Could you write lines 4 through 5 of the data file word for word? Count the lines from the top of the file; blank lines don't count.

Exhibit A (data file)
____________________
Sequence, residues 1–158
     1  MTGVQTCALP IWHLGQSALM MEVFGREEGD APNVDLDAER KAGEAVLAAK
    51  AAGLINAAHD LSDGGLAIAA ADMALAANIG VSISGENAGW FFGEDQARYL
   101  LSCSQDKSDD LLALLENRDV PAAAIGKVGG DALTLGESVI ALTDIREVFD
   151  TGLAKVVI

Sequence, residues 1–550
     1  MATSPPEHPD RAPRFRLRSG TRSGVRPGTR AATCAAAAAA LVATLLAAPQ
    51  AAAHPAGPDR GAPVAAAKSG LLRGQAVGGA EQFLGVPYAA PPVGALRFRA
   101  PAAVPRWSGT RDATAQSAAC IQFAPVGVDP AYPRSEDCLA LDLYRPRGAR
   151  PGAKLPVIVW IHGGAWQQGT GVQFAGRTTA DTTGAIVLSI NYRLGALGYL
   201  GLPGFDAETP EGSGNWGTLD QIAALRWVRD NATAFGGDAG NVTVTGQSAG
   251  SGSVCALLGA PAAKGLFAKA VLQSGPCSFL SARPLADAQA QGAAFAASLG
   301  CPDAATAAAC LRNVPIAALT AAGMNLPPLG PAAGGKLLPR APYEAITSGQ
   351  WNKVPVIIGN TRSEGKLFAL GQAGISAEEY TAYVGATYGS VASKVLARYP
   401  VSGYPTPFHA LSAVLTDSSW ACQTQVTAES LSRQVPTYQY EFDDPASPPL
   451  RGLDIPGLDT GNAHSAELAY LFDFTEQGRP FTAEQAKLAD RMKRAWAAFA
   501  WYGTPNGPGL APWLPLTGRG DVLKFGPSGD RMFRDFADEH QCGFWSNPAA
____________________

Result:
   101  LSCSQDKSDD LLALLENRDV PAAAIGKVGG DALTLGESVI ALTDIREVFD
   151  TGLAKVVI